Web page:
Gouverneur Morris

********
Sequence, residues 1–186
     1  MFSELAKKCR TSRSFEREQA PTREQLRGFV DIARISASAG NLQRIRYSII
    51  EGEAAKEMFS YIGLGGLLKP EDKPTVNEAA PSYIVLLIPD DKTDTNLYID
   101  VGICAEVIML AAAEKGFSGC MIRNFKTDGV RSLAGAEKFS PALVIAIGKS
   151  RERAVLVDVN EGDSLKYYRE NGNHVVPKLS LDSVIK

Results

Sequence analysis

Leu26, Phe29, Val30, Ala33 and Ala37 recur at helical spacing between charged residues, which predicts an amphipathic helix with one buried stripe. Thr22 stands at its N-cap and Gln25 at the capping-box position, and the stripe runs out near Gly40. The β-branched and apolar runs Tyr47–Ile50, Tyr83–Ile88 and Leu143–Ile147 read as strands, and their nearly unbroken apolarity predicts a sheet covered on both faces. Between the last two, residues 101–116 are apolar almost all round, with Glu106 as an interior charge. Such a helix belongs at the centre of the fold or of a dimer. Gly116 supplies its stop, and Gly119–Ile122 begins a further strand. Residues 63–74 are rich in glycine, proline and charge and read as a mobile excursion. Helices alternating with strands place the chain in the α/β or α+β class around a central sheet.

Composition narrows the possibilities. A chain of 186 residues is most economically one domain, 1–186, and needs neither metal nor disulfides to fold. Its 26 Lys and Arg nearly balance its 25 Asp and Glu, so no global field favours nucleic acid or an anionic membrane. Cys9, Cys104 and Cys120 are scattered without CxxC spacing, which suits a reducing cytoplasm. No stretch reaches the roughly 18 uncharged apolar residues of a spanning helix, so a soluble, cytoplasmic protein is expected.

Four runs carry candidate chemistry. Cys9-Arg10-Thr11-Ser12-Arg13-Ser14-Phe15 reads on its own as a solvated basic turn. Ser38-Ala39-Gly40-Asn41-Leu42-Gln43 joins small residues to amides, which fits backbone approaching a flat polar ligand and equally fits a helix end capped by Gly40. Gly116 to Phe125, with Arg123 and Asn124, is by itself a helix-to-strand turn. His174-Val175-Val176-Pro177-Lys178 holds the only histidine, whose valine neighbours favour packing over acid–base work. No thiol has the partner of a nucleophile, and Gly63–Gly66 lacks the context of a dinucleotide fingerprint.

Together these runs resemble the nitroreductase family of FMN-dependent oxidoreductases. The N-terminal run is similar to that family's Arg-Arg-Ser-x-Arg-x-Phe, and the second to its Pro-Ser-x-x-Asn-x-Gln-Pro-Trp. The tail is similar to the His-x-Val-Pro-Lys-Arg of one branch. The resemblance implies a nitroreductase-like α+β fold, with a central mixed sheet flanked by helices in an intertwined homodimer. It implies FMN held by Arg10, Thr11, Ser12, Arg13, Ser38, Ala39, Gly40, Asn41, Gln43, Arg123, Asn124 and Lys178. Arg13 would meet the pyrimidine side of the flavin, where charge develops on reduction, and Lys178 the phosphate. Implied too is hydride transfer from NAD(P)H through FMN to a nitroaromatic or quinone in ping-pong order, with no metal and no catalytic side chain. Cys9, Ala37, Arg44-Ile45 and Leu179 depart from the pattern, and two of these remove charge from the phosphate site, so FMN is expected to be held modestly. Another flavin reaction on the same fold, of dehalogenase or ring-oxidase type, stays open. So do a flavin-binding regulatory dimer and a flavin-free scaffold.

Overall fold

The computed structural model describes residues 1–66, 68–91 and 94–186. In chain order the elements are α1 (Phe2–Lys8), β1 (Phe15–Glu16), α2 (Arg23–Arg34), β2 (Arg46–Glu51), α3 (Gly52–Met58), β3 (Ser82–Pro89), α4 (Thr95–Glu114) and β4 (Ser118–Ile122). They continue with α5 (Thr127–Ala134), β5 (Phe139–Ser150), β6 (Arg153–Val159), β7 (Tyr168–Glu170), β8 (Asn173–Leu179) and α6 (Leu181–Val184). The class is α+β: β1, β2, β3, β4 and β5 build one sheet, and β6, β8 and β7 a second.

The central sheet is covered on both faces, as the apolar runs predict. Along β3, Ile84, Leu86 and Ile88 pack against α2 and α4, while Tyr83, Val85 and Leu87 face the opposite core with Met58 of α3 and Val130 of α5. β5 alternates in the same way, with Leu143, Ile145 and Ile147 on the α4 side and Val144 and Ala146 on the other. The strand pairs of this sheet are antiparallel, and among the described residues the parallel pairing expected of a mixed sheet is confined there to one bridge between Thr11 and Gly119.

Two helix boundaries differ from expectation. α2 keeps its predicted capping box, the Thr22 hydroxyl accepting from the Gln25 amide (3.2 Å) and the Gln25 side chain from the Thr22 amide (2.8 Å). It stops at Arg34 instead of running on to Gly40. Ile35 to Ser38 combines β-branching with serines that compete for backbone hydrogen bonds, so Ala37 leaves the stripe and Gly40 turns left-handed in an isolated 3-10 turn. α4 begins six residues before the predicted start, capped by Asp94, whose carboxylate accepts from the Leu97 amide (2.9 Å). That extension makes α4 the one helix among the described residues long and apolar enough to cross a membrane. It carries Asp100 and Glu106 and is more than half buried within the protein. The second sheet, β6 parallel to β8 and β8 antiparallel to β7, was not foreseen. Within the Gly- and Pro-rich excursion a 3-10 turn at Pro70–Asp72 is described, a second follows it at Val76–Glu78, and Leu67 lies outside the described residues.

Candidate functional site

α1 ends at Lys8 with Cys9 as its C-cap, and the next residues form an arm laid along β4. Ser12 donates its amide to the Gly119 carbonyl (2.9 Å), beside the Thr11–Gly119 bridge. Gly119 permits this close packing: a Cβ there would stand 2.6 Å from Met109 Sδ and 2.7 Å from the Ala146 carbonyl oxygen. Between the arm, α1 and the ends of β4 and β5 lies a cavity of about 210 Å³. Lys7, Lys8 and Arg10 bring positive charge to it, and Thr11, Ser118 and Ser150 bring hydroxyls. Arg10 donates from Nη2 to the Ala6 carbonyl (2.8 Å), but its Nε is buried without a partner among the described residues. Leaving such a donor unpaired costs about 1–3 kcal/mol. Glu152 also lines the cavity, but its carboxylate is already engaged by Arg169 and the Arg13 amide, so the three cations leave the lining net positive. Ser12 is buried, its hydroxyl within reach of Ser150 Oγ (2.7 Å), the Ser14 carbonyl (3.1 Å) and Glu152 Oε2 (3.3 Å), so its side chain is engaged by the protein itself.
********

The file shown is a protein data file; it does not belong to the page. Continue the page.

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Gouverneur MorrisMorris, GOUVERNEUR, lawyer; born in Morrisania, New York, Jan. 31, 1752; graduated at King's College (now Columbia University) in 1768; admitted to the bar in 1771, and soon acquired great reputation as a lawyer. One of the committee that drafted the constitution of the State of New York, a member of Congress from 1777 to 1780, and one of the most useful of committeemen in that body, he gained much political influence. In 1779 he published a pamphlet containing Observations on the American Revolution. In 1781 he was the assistant of Robert Morris, the superintendent of finance. After living in Philadelphia six years, he purchased (1786) the estate of Morrisania from his brother, and made it his residence afterwards. Prominent in the convention that framed the national Constitution, he put that instrument into the literary shape in which it was adopted. In 1791 he was sent to London as private agent of the United States, and from 1792 to 1794 was American minister to France. He had seen many of the phases of the French Revolution, and with a tantalizing coolness had pursued Washington's policy of neutrality towards France and England. This course offended the ardent French republicans, and when making out the letters recalling Genet, the committee of public safety, in which Robespierre and his associates were predominant, solicited the recall of Morris. For reasons of policy the President complied, but accompanied the letter of recall with a private one, expressing his satisfaction with Morris's diplomatic conduct. This letter, sent by a British vessel, fell into the hands of the French government, and greatly increased the suspicion with which the American administration was regarded. To allay that suspicion, Washington sent Monroe, an avowed friend of the French Revolutionists, as Morris's successor. Mr. Morris afterwards traveled in Europe, and in 1798 returned to the United States. In 1800 he was chosen United States Senator. He was one of the early advocates of the construction of the Erie Canal, and chairman of the canal commission from 1810 until his death in Morrisania, N. Y., Nov. 6, 1816.

 

 

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